A couple of these may be a bit long, so bear with me ...
BBC - War of the Worlds
War of the Worlds is the story that I credit with kicking off my love of Sci-Fi, way back when I was about 13, when I read the novel for the first time (of many). So I have a very strong bond with the story. Add to that fact that I live five miles from the original story's location, and I grew up listening to (and loving) Jeff Wayne's powerful and faithful musical version of it, I think it's fair to say that I have a slightly obsessive relationship with War of the Worlds, and I get oddly protective about it.
Written in 1896, the original novel is a story of the space-age technical might of the martians against the proto-industrial helplessness of the humans. 'Bows and arrows against the lightning'. HG Wells invented the laser beam before it even existed. He hypothesised life on other planets before that was even a 'thing'. He even dispatched the martians with bacteria which were still a little known and little understood theory back in those days. The man was a visionary and a bonafide genius.
Which is why when, aside from Jeff Waynes's amazing work, all versions of of War of the Worlds that are set - usually in the US (sorry American chums, no offence) - and in the modern day, they completely miss the point of the original story. We live in an age of scientific advancement, with bombs that can obliterate an entire city, and nuclear weapons that we can send into space. Where's the menace and the helplessness, compared to the human race in 1896 when the most deadly weapon that existed was a cannon?
So when the BBC announced that they were producing a mini series of war of the Worlds that was set in Woking, England in Victorian times, I was euphoric.
The trailer looked amazing and the promotional stills were awesome so I was like a dog with two tails - I didn't know what to wag first. I figured they might take a few liberties with the story, but ...
... There's taking liberties and there's absolute butchery. Sadly this show was the latter.
George the journalist (the central character) was turned from a hardworking junior journalist who was engaged to his sweetheart, Carrie who, in turn, lived in London caring for her elderly father, to George the recently sacked journalist who was living with his pregnant mistress, Amy. Not that I have a problem with babies and relationships outside of marriage, but this was supposed to be 1896, and it was totally unbelievable.
There was no trace of the poor deluded PTSD-ridden artillaryman, no trace of delirious Parson Nathaniel, and no trace of the 'silent grey Ironclad', Thunder Child doing battle with one of the tripods.
There were a few good moments of drama and tripod interaction, but overall the whole show felt more like a soap opera, full of Amy in some strange post-martian dystopia with George's love child, emoting and angsting and doing very little else of any interest.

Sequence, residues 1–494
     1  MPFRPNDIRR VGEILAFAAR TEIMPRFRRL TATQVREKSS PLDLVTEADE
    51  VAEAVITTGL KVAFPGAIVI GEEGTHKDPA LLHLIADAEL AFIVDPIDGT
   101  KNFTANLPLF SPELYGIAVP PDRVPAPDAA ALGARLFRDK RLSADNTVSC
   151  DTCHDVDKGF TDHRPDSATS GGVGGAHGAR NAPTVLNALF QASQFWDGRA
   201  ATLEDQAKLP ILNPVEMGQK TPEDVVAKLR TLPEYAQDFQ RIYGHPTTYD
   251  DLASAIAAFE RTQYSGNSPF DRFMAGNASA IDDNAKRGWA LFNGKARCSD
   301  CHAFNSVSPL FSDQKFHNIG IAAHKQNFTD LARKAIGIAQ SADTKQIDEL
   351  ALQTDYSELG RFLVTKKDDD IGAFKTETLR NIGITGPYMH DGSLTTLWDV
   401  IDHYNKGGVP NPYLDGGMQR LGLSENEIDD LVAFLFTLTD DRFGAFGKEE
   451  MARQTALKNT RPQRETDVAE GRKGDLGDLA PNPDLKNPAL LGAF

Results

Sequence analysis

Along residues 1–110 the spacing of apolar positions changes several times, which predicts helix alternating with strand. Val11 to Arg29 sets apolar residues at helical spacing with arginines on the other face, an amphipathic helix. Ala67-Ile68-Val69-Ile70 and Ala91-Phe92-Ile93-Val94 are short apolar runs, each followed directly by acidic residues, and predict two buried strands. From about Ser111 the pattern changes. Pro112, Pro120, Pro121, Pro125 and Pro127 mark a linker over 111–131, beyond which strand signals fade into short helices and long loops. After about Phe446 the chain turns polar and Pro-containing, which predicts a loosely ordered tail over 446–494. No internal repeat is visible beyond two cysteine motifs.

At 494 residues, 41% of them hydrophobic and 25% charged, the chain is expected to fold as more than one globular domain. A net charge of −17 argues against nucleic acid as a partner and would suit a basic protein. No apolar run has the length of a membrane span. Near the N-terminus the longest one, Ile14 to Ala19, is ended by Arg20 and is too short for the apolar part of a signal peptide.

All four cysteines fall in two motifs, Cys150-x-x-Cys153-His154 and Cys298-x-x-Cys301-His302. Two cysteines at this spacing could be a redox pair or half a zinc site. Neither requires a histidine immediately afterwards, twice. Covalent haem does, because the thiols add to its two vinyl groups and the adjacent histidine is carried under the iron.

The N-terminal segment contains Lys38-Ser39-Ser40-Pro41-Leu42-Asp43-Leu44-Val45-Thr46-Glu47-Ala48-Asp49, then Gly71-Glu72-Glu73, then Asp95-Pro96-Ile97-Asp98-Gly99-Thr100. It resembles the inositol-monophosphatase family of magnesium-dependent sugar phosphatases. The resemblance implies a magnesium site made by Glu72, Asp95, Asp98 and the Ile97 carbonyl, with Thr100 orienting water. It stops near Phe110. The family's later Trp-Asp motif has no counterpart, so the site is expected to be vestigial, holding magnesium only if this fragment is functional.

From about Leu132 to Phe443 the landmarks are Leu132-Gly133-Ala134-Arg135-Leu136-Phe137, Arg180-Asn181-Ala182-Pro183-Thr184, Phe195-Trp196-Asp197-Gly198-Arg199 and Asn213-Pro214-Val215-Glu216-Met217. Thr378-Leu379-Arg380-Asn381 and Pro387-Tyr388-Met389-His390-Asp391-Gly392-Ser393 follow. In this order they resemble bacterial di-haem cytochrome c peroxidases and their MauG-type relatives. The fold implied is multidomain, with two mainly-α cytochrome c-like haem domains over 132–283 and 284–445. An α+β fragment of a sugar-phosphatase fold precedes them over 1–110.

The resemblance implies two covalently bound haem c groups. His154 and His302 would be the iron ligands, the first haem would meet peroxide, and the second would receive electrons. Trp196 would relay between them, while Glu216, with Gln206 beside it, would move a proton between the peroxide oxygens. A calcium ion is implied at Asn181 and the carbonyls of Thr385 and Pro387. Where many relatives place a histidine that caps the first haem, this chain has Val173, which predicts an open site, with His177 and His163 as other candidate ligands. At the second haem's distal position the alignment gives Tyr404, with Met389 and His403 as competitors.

I was so, so disappointed, I could have cried. The thing that hurts the most, is that I've waited the best part of my life to see an adaptation faithful to the novel, and if this was supposed to be it, the chances are, it possibly won't happen agan in my lifetime.
HG Wells would be spinning in his grave. :'(
Amazon - Good Omens
When it was announced tat Amazon were releasing Good Omens by Terry Pratchett and Neil Gaiman, starring David Tennant aand Michael Sheen, I thought. 'My favourite author and two of my favourite actors, this has got to be a winner', and thankfully I wasn't wrong!
It was a fantastic little series, faithful to the charm and quirkiness of the book. Michael Sheen made a wonderfully Prissy Azirephale, and David Tennant was his usual brilliant self as the brilliantly Snarky Crowley (pronounced Cro-ley) - yes, confusing, I know :)
It's a long time since I read the book, so I don't remember all of it, but from what I do remember, this was a first-class adaptation full of wit and imagination and weird and wonderful characters.
As soon as I finished watching, I pre-ordered the DVD, and that's the best endorsement I can give!
Sky Atlantic - Chernobyl
This was another series that I was really keen to watch as soon as I found out about it.
I remember the Chernovbyl incident, but obviously, as it happened during the USSR days, very little information was released at the time, so I figured it might throw out some interesting facts, if othing else.
Heartbreaking, harrowing, chilling, disturbing, terrifying, painful ... this show had me reaching for my thesaurus as well as my tissues.
It had to be said that there isn't much in the way of light relief, although there are a couple of short golden moments that raise a smile or even a laugh, and at the end, at the trial of the Chernoby plant's Management, there is a brilliant layman's explanation wth red and blue tiles of how a nuclear power plant works and what went wrong at Chernobyl.
I actually said to Mr D, 'Wow! I actually know what a Positive Void Coefficient is now - I'm going to throw that into a random conversation one day and make myself sound so much cleverer than I am!' (although I've since forgotten how it works).
I'll say no more, but the scenes in the hospital will stay with me forever. :'(
Chernobyl was, shortly after it aired, famously the highest rated show on IMDB. I don't know if that's still the case, but it's still flying high at a not-too-shabby 9.5 out of 10, and tellingly, many of the highest-rated reviews are from people who lived in Ukraine and Belarus at the time of the incident and who compliment the show's research and raw authenticity.
It truly lived up to my eagerness to watch it. I will go so far as to say it was one of the best pieces of TV I've ever watched, and I can't recommend it highly enough.